Hey all! I am so sorry it’s been so long since I’ve posted. I seem to have miraculously developed a social life as well as a fondness for going to the gym. It’s crazy. I feel like I’ve entered the Twilight Zone, LOL.
Inara got a new collar in the mail today, so I wanted to spend some time talking about the various collar options you have for your dogs, both training and regular collars. First though, a picture of Inara in her new collar:
Every pit bull needs to have on them at all times a well-fitting, strong collar with ID tags. I’m a collar snob and only get my collars from Collarmania. Each collar is custom-made for your dog, and the materials that Lisa uses are extremely high-quality. I never worry about one of her collars breaking no matter how hard Inara may lunge. The majority of collars you find at pet stores have those cheap plastic clasps. Please don’t trust those to hold if your dog decides it wants to be elsewhere. Width-wise, I prefer a one and a half inch collar for Inara. Again, it just makes me feel more secure that it will hold, no matter what.
The types of collars I want to discuss today are flat collars (nylon or leather), martingales/limited slip collars, prong collars, choke collars, remote training collars and head collars. I will not go into training methods with each of them – I may do so in a later post, though. For now, I simply want to make sure everybody knows their options.
- Flat collars – these are basic buckle collars. These can be bare bones or very glamourous. Generally your dog’s ID tags should be hooked to one of these. Whether it’s fancy-schmancy embroidered leather or a simple nylon collar, I cannot emphasize enough that it should be strong to keep your dog safely contained, and fitted snugly enough (though not tightly!) that your dog cannot back out of it.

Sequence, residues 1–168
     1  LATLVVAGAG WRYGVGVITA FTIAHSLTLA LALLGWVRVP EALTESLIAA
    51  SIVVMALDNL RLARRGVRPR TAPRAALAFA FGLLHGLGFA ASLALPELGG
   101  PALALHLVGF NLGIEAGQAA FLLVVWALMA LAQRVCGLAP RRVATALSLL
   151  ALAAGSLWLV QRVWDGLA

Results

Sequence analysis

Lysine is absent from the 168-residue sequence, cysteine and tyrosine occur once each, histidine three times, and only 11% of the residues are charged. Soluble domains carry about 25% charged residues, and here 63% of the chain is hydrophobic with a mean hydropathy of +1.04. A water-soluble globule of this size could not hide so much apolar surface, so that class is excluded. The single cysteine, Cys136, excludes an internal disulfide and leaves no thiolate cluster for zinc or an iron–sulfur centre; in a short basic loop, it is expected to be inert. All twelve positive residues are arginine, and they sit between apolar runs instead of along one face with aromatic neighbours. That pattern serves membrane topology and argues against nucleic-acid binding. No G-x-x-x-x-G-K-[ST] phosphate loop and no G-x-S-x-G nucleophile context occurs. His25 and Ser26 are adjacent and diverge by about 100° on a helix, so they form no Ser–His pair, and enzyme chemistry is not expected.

- Martingale/limited slip collars – These are collars that have an extra loop that gently snugs up around your dog’s neck when you pull on it. They can only tighten so much though, hence the name limited slip collars. These are great for dogs who are able to easily back out of regular flat collars.
- Prong collars – Prongs are another form of limited slip collar, though they look very different and are used only for training. They are metal collars with inward-facing prongs that rest against the dog’s neck. When the leash is pulled the collar pinches the dog’s neck. These are not collars your dog should wear around the house.
- Choke chains – Choke collars can come in chain, nylon or leather form. These collars can tighten all the way so caution must be used with them. Frighteningly, too often you see dogs just wearing these around the house, possibly with their ID tags attached. This is dangerous. Like the prong collar, these should only be used for training purposes.
- Remote training collars – Also known as electric collars and “shock” collars, these are placed snugly on the dog’s neck and come with a remote control to trigger a vibration or electrical stimulation against the dog’s neck. They have varying levels of stimulation. Again, this is not a “wear around the house” collar, it is a training collar.
- Head collars – These are based on a horse’s halter. They are fitted snugly up at the very top of the neck and have a loop that goes over the dog’s nose. They provide a great deal of control over the dog’s head because if the dog pulls the head collar turns his/her head around so they are facing back at you. This is another collar that is put on only for training purposes.
You need to decide for yourself which collar is most appropriate for your dog. This may change depending upon the situation you and your dog are going to be in.
To end this post, I want to post a picture of Inara doing her damnedest to guilt me into feeding her dinner early. If she thinks it’s time for dinner, she’ll go sit in her crate and just stare at me with these big mournful eyes. She’s pitiful!